Real Estate Roundup: Prefab Homes Help to Speed Wine Country Wildfire Recovery
Here’s a look at recent news of interest to homebuyers, home sellers, and the home-curious.
MANY SONOMA COUNTY WILDFIRE VICTIMS REBUILDING WITH MANUFACTURED HOMES
Although it may take Wine Country housing markets years to replace all the homes lost during October’s devastating wildfires, some residents are expediting the rebuilding process with prefabricated homes.
The New York Times reports on the trend, having interviewed several Sonoma County residents who lost their homes in the disaster. In Glen Ellen, where about three-quarters of the housing stock was damaged, one resident told the publication that almost everyone in the community she knows is rebuilding using manufactured homes.
The article puts the cost of constructing a home from the ground up in Northern California at $500 to $700 per square foot, and the process can take up to four years. A Seattle-based prefab housing manufacturer homeowner gave the Glen Ellen resident a quote of $350 to $400 per square foot and said the property could be built in six to eight months.
Although an abbreviated construction time is one of prefabricated homes’ largest benefits, writer Allison Arieff, who authored a book on the subject, doubts that they will achieve any kind of critical mass in California.
“The permitting is the hiccup,” she said.
SILICON VALLEY HOMES SOLD THE FASTEST IN THE NATION OVER THE PAST YEAR
Silicon Valley‘s well-documented housing inventory shortage has caused prices to skyrocket over the past year, and buyers there need to act faster than anywhere else in country to successfully seal a deal.
A realtor.com analysis of the 300 largest U.S. housing markets found that the average home in the San Jose metropolitan area sold in a median 28.6 days from February 2017 to January 2018. Buyer demand in the region remains intense, with some properties receiving up to 70 offers, pushing the median list price up by 26.4 percent year over year in February to $1.1 million.
In some of Silicon Valley’s most sought-after communities, homes are selling even faster than that as 2018 begins. According to Pacific Union’s latest monthly real estate update, single-family homes in Atherton, Los Altos, Los Altos Hills, Menlo Park, Palo Alto, Portola Valley, and Woodside sold in an average of 20 days of in February. Single-family homes in Burlingame, Hillsborough, and San Mateo left the market in an average of 18 days last month.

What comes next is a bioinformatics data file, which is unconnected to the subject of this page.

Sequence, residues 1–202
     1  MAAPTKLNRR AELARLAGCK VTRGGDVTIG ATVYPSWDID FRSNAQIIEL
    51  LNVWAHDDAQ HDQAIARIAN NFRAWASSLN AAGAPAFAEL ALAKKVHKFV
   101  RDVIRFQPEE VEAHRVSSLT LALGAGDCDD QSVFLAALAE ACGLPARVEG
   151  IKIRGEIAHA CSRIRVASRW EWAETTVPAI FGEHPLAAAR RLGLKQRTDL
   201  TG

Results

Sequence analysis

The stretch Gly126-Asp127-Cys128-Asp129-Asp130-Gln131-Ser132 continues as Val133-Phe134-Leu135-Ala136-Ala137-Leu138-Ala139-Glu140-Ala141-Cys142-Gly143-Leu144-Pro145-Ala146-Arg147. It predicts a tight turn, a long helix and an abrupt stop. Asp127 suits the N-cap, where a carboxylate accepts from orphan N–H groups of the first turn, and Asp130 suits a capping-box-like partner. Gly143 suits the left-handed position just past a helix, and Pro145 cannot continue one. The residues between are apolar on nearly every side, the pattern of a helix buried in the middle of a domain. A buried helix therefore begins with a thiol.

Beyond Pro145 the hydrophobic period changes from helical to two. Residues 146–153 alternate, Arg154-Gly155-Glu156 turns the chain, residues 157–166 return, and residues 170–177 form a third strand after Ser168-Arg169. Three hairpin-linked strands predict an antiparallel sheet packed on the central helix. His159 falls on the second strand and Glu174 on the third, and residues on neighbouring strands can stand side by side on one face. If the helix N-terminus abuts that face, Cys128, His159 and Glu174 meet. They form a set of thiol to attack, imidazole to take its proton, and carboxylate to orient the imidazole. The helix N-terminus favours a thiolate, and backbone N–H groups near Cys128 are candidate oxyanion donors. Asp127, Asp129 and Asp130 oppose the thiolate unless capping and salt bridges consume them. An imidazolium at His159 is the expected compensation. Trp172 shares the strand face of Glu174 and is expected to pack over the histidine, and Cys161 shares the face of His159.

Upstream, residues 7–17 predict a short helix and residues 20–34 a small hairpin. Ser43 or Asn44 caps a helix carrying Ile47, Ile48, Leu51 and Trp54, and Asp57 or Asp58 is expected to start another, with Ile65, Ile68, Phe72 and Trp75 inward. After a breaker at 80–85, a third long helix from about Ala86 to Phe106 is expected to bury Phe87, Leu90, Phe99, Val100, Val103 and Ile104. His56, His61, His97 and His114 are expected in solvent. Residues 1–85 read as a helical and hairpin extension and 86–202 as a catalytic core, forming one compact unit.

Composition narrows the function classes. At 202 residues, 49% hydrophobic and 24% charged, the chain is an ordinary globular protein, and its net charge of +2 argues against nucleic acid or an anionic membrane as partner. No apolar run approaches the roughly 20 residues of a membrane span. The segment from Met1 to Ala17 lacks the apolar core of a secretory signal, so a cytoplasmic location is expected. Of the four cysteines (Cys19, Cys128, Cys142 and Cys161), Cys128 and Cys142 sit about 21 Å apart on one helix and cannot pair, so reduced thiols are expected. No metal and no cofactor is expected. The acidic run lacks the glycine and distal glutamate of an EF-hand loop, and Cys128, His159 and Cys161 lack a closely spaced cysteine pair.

BAY AREA BUYERS AGAIN MADE THE LARGEST DOWN PAYMENTS IN THE FOURTH QUARTER
Bay Area homebuyers placed the largest down payments in the country in the fourth quarter of 2017, continuing a trend recorded in the previous two quarters.
ATTOM Data Solutions’ latest U.S. Residential Property Loan Origination Report says that homebuyers in the San Jose metropolitan area put down median $268,000 down payments in the fourth quarter, up from $247,000 in the third quarter and still the highest in the U.S. Buyers in the region put down almost 15 times more money than the average U.S. buyer, who placed median $18,000 down payments.
San Francisco had the nation’s second largest down payment at $174,500, up slightly quarter over quarter. The other three housing markets with the biggest down payments were also in California: Santa Rosa, ($123,450), Los Angeles ($119,800), and Ventura ($107,000).
CALIFORNIA HOMEOWNERS ENJOY THE NATION’S BIGGEST EQUITY GAINS
The Golden State’s hefty home prices helped owners gain the largest amounts of equity in the nation in the most recently completed quarter, while very few homeowners in San Francisco are still underwater.
According to CoreLogic’s new Homeowner Equity Insights report, the average California homeowner gained $44,000 in equity year over year in the fourth quarter of 2017, about three times the national average. Home-equity increases were highest on the East and West Coasts, where appreciation has been the most rapid and supply constraints are the most pronounced.
The report found that just 0.6 percent of homeowners in the San Francisco metro area were underwater in the fourth quarter, the lowest amount of negative equity of any of the 10 major housing markets for which CoreLogic tracks data.